He said CCM’s leadership should know that Tanzanians wanted change and, as the father of the nation Mwl Julius Nyerere once said, if they do not get it within CCM they would seek it outside CCM. It was at that rally that Mr Lowassa made it known that he would run as the candidate of change. And so the implication in his message was that if CCM bypassed him, he would decamp. It would be simplistic to suggest that CCM missed both signals.
Knowing Mr Lowassa’s issues with credibility, who, then, would be a more formidable candidate to face him as the potential opposition candidate than Dr Magufuli?
CCM’s re-claiming the anti-corruption platform during campaigns, with glee and fanfare, seemed to suggest that the opposition had swallowed a bait by opting for Mr Lowassa.
Fourthly, despite slowly leaning towards the opposition, the Lake Zone with its 5.9 million voters has always been CCM’s stronghold. President Jakaya Kikwete received more than 70 per cent of the vote in the zone in 2005. Coming from the Lake Zone, Dr Magufuli could have been CCM’s trump card to regain the Zone. The 2015 election results show that the strategy might have worked. Not only did Dr Magufuli win in all constituencies in the Lake Zone, but CCM also “rescued” the Mwanza city council from the opposition.
Fifthly, CCM had long prepared its members for a “surprise” candidate. Addressing the CCM 38th anniversary in Songea in February this year, President Kikwete said something to the effect that the would-be CCM presidential candidate was not “among those who were mentioned the most.” He would be a person, he said, who would almost be “forced” to pick nomination forms. At the moment when President Kikwete was speaking six aspirants, including Mr Membe and Mr Lowassa, were locked in a “political jail” for “premature campaigns.” No-one was talking about Dr Magufuli as the possible CCM presidential candidate.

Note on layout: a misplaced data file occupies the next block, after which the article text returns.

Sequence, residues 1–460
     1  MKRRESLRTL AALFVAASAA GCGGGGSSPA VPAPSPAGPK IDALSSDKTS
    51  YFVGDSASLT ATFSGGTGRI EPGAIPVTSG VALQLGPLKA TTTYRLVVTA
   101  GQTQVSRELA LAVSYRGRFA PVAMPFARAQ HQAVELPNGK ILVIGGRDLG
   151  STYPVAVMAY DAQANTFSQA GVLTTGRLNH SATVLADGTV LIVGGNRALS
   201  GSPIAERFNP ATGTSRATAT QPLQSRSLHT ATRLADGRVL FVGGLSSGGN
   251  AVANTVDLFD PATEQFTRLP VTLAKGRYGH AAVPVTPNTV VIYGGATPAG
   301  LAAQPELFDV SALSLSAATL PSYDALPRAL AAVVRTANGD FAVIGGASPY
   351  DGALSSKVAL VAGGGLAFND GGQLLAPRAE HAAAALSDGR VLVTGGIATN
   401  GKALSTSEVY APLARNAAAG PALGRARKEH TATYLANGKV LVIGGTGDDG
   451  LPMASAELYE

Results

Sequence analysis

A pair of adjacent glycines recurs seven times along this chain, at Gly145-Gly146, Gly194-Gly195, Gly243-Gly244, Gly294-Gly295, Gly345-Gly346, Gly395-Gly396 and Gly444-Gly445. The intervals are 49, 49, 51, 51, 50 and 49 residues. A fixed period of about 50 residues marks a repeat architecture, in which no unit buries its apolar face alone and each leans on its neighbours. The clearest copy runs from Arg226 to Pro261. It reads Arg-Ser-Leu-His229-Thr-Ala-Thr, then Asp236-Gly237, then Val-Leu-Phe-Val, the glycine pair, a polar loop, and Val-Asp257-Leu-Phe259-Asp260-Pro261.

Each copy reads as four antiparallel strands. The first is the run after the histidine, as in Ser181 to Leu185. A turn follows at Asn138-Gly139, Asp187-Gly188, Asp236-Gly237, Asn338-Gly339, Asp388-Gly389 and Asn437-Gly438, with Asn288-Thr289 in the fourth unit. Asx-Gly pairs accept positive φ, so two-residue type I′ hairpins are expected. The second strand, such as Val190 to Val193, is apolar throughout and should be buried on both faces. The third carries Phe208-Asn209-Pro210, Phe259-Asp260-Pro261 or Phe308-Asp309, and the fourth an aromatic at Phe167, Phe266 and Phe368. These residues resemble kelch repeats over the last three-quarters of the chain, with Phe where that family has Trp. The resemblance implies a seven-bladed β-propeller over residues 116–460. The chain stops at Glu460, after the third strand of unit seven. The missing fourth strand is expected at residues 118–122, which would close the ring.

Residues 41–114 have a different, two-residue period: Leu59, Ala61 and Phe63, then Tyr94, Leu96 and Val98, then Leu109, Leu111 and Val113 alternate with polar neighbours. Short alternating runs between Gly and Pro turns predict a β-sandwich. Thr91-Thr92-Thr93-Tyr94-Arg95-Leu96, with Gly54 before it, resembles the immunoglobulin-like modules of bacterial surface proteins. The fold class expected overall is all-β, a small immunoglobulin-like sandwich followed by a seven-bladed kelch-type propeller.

Sixthly, Dr Magufuli collected nomination forms in a very peculiar manner; quietly; without fanfare. Most aspirants collected forms in Dodoma accompanied by tens or hundreds of supporters. They addressed the media and explained what they had in store for the country, should they be nominated. Magufuli went alone, collected the forms, refused to say a word to the eager journalists, and then disappeared, alone to collect endorsements signatures countrywide.
Other aspirants were accompanied by “campaign teams” and the press corps, and even held public rallies as they crisscrossed the country collecting endorsement signatures from party members.
CCM’s nomination regulations forbid party members from doing things or saying things that might smack of campaigning. These include holding public rallies, posting or issuing aspirants’ posters.
The Elections Expenses Act prevents aspirants from spending their own money while seeking nomination from their parties. All expenses must be met by the political party. Since CCM nomination regulations forbid “public campaigning” it is less likely that the aspirants who were campaigning were given money by CCM.
It is Dr Magufuli’s manner of seeking the nomination that followed the law. Could it be that he had been forewarned?